Parksville resident upset at tree damage

Brian Gibbs has a complaint about the way BC Hydro “trimmed” the tree in front of his house.

Brian Gibbs was not happy with the way the tree in front of his house on Pioneer Crescent was treated by BC Hydro.

Brian Gibbs was not happy with the way the tree in front of his house on Pioneer Crescent was treated by BC Hydro.

As Parksville city council advanced an updated tree management bylaw at their Aug. 20 meeting, resident Brian Gibbs has a complaint about the way BC Hydro “trimmed” the tree in front of his house.

Director of operations Alan Metcalf pointed out that BC Hydro is exempt from the tree management bylaw when it comes to protecting their infrastructure in terms of trimming or cutting down trees that are interfering with their power lines, but they usually have good communication with the city about what they’re doing.

In this case, Metcalf said he was surprised himself to see the tree in question on Pioneer Crescent and has a meeting scheduled with BC Hydro to discuss their practices and ongoing communication with the city.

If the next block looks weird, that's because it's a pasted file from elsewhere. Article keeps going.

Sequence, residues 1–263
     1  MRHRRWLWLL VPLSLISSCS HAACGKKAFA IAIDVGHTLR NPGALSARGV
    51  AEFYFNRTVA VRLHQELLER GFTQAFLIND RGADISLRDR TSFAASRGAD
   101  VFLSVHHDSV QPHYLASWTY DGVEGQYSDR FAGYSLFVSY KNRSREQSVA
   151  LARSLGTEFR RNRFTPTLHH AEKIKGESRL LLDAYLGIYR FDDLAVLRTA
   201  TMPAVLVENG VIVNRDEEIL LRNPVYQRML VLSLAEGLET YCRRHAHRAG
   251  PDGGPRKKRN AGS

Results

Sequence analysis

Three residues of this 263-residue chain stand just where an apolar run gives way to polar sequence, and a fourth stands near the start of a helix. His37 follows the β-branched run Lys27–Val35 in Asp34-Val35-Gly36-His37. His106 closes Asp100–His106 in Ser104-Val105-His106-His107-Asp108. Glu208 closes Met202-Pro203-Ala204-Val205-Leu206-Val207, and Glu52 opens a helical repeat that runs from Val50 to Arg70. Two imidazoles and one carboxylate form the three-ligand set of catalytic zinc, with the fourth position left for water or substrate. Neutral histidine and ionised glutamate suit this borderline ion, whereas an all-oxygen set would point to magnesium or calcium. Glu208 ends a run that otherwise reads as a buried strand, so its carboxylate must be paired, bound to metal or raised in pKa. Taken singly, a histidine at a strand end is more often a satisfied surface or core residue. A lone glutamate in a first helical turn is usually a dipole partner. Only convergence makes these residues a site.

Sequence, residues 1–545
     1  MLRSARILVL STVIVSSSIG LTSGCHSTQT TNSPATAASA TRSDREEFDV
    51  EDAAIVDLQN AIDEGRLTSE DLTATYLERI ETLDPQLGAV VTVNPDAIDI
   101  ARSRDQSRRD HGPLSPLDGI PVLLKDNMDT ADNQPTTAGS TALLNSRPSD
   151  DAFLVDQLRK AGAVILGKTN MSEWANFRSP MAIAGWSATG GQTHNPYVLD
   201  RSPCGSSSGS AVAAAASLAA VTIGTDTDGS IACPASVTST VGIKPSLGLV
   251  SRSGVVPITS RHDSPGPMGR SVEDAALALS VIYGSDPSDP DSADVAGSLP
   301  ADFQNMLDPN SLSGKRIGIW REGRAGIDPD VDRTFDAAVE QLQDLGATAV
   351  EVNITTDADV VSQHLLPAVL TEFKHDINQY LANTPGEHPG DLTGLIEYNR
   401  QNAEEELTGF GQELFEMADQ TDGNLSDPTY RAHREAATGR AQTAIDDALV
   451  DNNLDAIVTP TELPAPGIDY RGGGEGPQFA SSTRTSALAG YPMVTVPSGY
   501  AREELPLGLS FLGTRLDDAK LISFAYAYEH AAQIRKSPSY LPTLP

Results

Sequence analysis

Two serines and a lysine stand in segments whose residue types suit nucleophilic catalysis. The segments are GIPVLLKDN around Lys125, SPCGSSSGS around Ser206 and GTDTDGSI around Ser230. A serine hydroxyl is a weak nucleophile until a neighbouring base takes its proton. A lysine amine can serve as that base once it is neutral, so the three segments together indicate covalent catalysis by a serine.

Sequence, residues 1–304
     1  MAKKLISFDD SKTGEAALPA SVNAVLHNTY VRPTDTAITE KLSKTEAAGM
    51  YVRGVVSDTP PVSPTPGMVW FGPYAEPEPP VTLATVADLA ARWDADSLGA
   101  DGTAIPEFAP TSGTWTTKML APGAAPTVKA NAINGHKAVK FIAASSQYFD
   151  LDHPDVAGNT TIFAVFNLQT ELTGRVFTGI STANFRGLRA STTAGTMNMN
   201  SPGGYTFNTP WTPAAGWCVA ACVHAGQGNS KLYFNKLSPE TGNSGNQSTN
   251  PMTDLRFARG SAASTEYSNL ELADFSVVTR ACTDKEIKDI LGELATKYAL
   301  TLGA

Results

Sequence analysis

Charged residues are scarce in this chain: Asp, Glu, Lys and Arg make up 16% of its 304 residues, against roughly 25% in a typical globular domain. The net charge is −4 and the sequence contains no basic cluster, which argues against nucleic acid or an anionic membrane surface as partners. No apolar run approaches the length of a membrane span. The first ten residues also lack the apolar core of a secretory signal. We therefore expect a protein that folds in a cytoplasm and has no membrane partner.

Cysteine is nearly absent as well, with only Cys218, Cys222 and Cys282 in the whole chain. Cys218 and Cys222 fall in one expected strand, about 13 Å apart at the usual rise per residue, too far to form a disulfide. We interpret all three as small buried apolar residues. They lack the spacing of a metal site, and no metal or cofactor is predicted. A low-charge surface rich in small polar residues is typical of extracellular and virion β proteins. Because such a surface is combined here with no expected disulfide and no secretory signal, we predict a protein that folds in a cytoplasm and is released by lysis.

BC Hydro could not be reached for comment by press time.

The updated tree management bylaw increases the tree-cutting permit fee from $50 to $75 and clarifies tree protection details.

Among the changes the new bylaw clarifies definitions like a “protected tree” being any with a diameter over 50 cm at 1.4 meters (4.5 feet) above the ground, including all eagle or great blue heron nesting trees, trees within 30 metres of a watercourse, or the top of a slope of 30 per cent or more.

The bylaw was advanced to the next council meeting for the required readings.